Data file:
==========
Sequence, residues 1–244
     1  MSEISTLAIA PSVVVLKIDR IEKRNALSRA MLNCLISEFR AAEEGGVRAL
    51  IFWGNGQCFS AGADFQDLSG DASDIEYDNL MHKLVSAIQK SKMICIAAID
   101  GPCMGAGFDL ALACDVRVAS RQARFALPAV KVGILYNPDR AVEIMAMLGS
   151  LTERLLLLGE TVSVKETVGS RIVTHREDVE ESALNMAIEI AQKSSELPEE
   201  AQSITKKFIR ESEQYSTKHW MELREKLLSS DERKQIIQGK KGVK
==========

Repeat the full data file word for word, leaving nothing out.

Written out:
Sequence, residues 1–244
     1  MSEISTLAIA PSVVVLKIDR IEKRNALSRA MLNCLISEFR AAEEGGVRAL
    51  IFWGNGQCFS AGADFQDLSG DASDIEYDNL MHKLVSAIQK SKMICIAAID
   101  GPCMGAGFDL ALACDVRVAS RQARFALPAV KVGILYNPDR AVEIMAMLGS
   151  LTERLLLLGE TVSVKETVGS RIVTHREDVE ESALNMAIEI AQKSSELPEE
   201  AQSITKKFIR ESEQYSTKHW MELREKLLSS DERKQIIQGK KGVK